"Before we can build facilities in other cities we must generate the demand," Zeitlin said. "It's a growth process."

For now, the technology is ahead of the demand.

"Although we've been very visible, the majority of our colleagues in the industry have just started hearing the buzz on us," Zeitlin said. "They're now in the process of kicking the tires and examining this new technology.

"But this time next year we expect to have an entire technical session at the AAPG annual convention on visualization interpretation techniques," he said. "We will move from the exhibit floor into the technical program as more people start asking for papers and work in this area.

"Courses will be taught on how to apply this technology."

Zeitlin said there are two segments to the visualization technology, and today industry at large is only becoming familiar with one facet -- the large visualization centers cropping up everywhere.

"That's only part of the story," he said. "The second area, which is much more valuable and important, is the software package.

"Today the industry is experiencing and experimenting with the big screens in a theater setting, which is great for collaboration," he continued. "But software that brings the technology to the desktop is vital - and that's what will leverage this technology for independents."

"The big theaters -- the ultimate immersive environments -- are at the top end and are wonderful for asset teams to extract knowledge quickly from complex heterogeneous data," said Dave Ridyard, chief operating officer of Continuum, "but they are equally wonderful for their ability to efficiently communicate this acquired knowledge to management, partners and investors."

Ridyard thinks there is a big market emerging for smaller conference room systems where members of an asset team can have democratic access to information.

"When they leave that conference room they need to be able to go back to their desktop computer and continue to work in the same kind of environment," he said. "The real challenge is scaleable solutions that will allow people to use one product all the way from the desktop through the conference room set up to the high-end theaters."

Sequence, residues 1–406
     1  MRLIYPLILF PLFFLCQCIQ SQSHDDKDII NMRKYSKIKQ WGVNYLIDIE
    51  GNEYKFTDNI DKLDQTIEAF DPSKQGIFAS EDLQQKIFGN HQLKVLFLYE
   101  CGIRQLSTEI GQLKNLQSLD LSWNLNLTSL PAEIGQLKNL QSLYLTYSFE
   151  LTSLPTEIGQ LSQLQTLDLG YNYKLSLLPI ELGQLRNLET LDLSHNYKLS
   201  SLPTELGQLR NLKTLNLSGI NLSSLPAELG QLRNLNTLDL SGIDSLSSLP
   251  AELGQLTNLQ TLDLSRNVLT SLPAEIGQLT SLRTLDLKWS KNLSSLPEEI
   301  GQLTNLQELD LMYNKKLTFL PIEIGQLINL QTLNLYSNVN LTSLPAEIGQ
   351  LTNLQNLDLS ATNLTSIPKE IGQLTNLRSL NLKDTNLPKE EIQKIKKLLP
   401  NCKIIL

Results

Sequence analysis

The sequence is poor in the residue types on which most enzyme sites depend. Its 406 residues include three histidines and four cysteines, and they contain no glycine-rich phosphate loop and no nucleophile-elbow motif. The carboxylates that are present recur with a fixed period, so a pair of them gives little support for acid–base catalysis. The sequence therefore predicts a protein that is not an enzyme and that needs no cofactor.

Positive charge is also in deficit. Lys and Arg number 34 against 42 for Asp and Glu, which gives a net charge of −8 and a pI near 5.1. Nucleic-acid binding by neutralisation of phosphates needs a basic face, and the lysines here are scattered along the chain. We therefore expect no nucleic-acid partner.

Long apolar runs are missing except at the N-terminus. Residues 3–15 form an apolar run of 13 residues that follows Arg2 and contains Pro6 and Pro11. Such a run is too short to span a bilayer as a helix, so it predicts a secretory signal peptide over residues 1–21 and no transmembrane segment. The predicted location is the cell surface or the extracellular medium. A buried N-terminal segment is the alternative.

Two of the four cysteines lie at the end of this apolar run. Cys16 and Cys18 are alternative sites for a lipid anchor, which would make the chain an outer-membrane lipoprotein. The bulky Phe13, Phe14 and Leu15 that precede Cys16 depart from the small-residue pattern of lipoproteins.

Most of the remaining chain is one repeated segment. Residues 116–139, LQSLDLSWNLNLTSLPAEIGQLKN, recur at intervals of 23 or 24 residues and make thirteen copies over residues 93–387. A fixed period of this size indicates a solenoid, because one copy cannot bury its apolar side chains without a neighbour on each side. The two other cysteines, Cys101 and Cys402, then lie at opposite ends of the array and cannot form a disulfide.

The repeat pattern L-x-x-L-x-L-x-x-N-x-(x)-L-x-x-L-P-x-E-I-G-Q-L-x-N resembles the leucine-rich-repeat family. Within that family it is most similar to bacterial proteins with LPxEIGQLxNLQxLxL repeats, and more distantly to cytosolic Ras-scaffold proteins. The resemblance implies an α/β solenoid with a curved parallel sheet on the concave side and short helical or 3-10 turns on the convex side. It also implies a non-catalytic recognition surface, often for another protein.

On a day-to-day basis it's just not practical for a team to go out to a theater -- and that's particularly true for independent companies and geologists.

"Size does matter -- geologists have known all along that it's better to make a wall-size cross section that you can step back from versus scaling it down to a piece of paper," Nelson said. "Large scale visualization does have a place in our ability to see patterns in the geology -- but you don't need them all the time.

"It's the software that brings visualization to the desktop that really leverages this new technology."

Ridyard believes that large scale immersive environments and integrated software present complex interdisciplinary models, the decision making process is "transformed from a sequence of solo activities to a true collaborative process."

"In today's global economy, the collaborators could be in the next office, or half way around the world," he said.

"The next wave of immersive virtual reality software must also address the specific needs for partners and service providers to collaborate between users scattered around the world - often with vastly differing hardware configurations."

Programmed to Succeed

Magic Earth's software program and the package planned for fall release by Continuum Resources both allow geoscientists to apply visualization at their workstation.

Zeitlin and Ridyard said training is a relatively simple matter.

"If we write the software right, you won't have to learn the software because you will have learned it all your life as you learned how to explore the world around you," Ridyard said. "That's why we're putting a lot of work into issues like speech recognition. We think it's a real barrier to understanding if you have to know which command to pull down from a menu to get another menu to bring up a window to ask the computer a question.

"If we use virtual reality right, the whole training issue goes away."

Nelson said Continuum hasn't defined all the aspects of training for its software, but he's watched the guys in the office -- from geotechs to advanced geophysicists -- all find that within a couple of weeks "they are able to get data into the environment and make things work."

You may also be interested in ...